BEST OF 2019: Top 10 Jazz2K Discs

Okay, now that the prelims are out of the way, it’s time for the Main Event. LET’S COUNT ‘EM DOWN!



400: An African American Musical Portrait (JKNM Records)

This isn’t the first time that bassist/educator Avery Sharpe has taken a musical swing at African-American history: His 2013 disc Sojourner Truth: Ain’t I a Woman was one of the best discs of that year. With 400, Sharpe takes a deep, wide look at Africans and their descendants’ experience in America – from their arrival on slave ships in 1619 through the Jazz Age and into the Civil Rights era, with a thought to the future thrown in on the post-bop coda “500.” Kevin & Duane Eubanks, Don Braden, Ronnie Burrage, Zaccai Curtis and Davis Whitfield contribute to the muscular, glorious sounds Sharpe has created to put a spotlight on the past, as well as to remind us that even though we’re in the 21stcentury, the struggle still goes on.



Carnival: The Sound of a People, Vol. 1 (Culture Shock Music)

Trumpeter/percussionist Etienne Charles has picked up the torch as jazz’ foremost musicologist and run like Usain Bolt, this time focusing on the musical & social traditions of Carnival and how the performers pass on the sounds, sights, and stories of their ancestors to spectators and listeners. In addition to knockout studio takes with kindred spirits like Brian Hogans, Luques Curtis, Jacques Schwarz-Bart, James Francies and Obed Calvaire, Charles also incorporates recordings with local musicians & groups using traditional bamboo, iron, and steel instruments, bringing the listener to the side of the road where s/he can dig the centuries-old vibe and wonder, “How is Volume 2 going to top THIS?”



Diatom Ribbons (Pyroclastic Records)

My letter-carrier may not think so, but I don’t get every jazz release that hits the market. That’s why I’m so happy Arch Stanton Quartet drummer James Ketterer clued me in about this death-defying release from Canadian pianist Kris Davis. Inspiration can – and does – come from anywhere & everywhere, and Davis’ observations of diatoms (which are unicellular microalgae that live in the oceans, freshwater, and soils) helped her make the connection between the composing process and her experience of nature. Collaborating with mammoth talents like Terri Lyne Carrington, Esperanza Spalding, JD Allen and Nels Cline, the result is a dynamic, multifaceted set of originals that surprises, delights, and (occasionally) confounds… but in a way that makes you want to join Davis and do some more exploring.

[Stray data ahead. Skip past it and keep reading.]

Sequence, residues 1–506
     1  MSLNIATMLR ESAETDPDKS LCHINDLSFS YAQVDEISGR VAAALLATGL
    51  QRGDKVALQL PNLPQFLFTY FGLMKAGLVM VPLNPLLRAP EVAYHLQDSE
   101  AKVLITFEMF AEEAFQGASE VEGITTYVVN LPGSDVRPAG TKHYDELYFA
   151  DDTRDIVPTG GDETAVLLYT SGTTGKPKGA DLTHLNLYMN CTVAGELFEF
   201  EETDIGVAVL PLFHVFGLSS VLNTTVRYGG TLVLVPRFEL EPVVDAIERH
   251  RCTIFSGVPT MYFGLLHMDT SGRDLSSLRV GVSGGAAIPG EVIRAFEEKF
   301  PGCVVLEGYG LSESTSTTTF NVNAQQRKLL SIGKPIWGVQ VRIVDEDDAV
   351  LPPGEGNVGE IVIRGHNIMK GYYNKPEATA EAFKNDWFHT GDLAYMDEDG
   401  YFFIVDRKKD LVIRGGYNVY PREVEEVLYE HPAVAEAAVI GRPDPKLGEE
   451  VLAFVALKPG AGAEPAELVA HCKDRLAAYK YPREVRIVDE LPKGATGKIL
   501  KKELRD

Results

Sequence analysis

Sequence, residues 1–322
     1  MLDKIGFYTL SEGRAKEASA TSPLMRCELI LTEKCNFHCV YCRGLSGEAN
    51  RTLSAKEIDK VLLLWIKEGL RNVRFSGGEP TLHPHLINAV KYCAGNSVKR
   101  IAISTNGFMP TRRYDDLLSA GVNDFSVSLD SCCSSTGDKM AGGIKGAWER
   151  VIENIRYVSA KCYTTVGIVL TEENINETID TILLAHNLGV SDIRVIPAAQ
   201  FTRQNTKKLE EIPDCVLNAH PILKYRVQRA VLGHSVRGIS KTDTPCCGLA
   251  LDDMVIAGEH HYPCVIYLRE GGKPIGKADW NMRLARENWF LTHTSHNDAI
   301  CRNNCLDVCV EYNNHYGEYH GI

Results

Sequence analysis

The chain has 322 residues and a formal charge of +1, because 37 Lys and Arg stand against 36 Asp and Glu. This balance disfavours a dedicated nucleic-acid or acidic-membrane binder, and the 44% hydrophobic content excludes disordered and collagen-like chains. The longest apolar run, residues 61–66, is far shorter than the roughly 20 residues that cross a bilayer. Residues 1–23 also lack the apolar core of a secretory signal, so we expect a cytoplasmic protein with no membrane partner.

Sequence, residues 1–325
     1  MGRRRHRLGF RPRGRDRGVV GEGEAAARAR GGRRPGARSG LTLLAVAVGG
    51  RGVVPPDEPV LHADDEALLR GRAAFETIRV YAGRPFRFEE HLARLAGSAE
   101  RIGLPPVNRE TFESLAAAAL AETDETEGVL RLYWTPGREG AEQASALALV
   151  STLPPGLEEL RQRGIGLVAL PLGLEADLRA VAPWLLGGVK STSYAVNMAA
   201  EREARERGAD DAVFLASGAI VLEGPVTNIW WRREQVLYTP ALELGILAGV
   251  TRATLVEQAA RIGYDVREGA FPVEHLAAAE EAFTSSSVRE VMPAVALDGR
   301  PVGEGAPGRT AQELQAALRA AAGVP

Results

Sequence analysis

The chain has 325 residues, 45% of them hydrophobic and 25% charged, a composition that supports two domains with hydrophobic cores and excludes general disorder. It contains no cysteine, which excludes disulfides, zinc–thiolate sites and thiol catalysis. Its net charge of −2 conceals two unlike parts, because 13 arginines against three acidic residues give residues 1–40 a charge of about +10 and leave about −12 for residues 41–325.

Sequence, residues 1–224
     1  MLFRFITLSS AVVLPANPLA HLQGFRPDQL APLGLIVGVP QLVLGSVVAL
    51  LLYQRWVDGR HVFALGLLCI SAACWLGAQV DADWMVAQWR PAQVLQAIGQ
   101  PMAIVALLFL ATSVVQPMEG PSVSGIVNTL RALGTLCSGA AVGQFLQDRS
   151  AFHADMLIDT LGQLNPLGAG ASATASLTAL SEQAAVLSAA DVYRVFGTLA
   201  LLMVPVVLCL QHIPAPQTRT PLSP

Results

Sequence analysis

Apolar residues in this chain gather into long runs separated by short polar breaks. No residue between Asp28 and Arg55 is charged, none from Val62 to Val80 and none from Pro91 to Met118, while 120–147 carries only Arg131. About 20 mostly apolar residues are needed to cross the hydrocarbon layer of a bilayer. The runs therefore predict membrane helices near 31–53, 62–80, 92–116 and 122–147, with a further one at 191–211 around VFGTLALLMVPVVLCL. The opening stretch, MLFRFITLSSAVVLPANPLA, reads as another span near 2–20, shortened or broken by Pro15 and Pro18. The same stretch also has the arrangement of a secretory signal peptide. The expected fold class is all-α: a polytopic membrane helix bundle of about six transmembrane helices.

A Wall Becomes a Bridge (Blue Note)

From his early days with Terence Blanchard to the creation of his own label World Culture Music, drummer Kendrick Scott has approached everything he does with a keen sense of original thought and intellectual curiosity. As Scott explained during his recent appearance at Skidmore’s Zankel Music Center, the concept for A Wall Becomes a Bridge came from a discussion with producer / fellow Blanchard alum Derrick Hodge about the roadblocks and boundaries we all deal with in life, and how using those setbacks as motivation to make breakthroughs can give your life both energy and purpose – and, ultimately, victory. Mike Moreno, John Ellis, Taylor Eigsti and Joe Sanders contribute performances and compositions that help Scott illuminate the process from beginning to end, preparing the listener for the next time someone drops a wall in his/her path.



Circuits (Edition Records)

One of the bands that’s always inspired “Jazz2K @ The Saint” is Chris Potter Underground, the bodacious jam band that’s allowed the renowned saxman to let his freak flag fly without let or hindrance. Circuitsisn’t a reinvention of the Underground model, but it is an advancement of some of its electric themes. For that, you can thank Potter’s spot-on decision to hook up with two original thinkers: Keyboardist James Francies and drummer Eric Harland. Bassist Linley Marthe does join in for four tunes, but he’s a cherry on top of an already tasty, multi-tiered cake that has Potter throwing down on guitar, keyboards and percussion on top of his usual brilliant woodwind work. Circuitswashes over you in waves of brilliant, ever-rising sound, and the sensations they cause make you call out for more, and more, and even more than that.



Light as a Word (Outside In Music)

Santa Cruz, CA native Remy Le Boeuf has been a busy little bee this year, and the altoist is finishing off 2019 with a roaring contribution to 21st-century big-band jazz on the towering self-released date Remy Le Boeuf’s Assembly of Shadows. For me, though, Light as a Wordis just as thoughtful and well-constructed while maintaining a sense of intimacy and nuance that lifts it above many other items on the menu. Mind you, it helps when you cook with good food, and Le Boeuf’s stellar compositions are elevated by the likes of Aaron Parks, Walter Smith III, Charles Altura, Matt Brewer and Peter Kronreif. Remy’s work with his brother Pascal in Le Boeuf Brothers may have put him on the musical map, but Light as a Word puts Remy Le Boeuf in his own personal spotlight – and if that disc and Assembly of Shadows are any indication, he’s just started to flesh out an exciting musical identity all his own.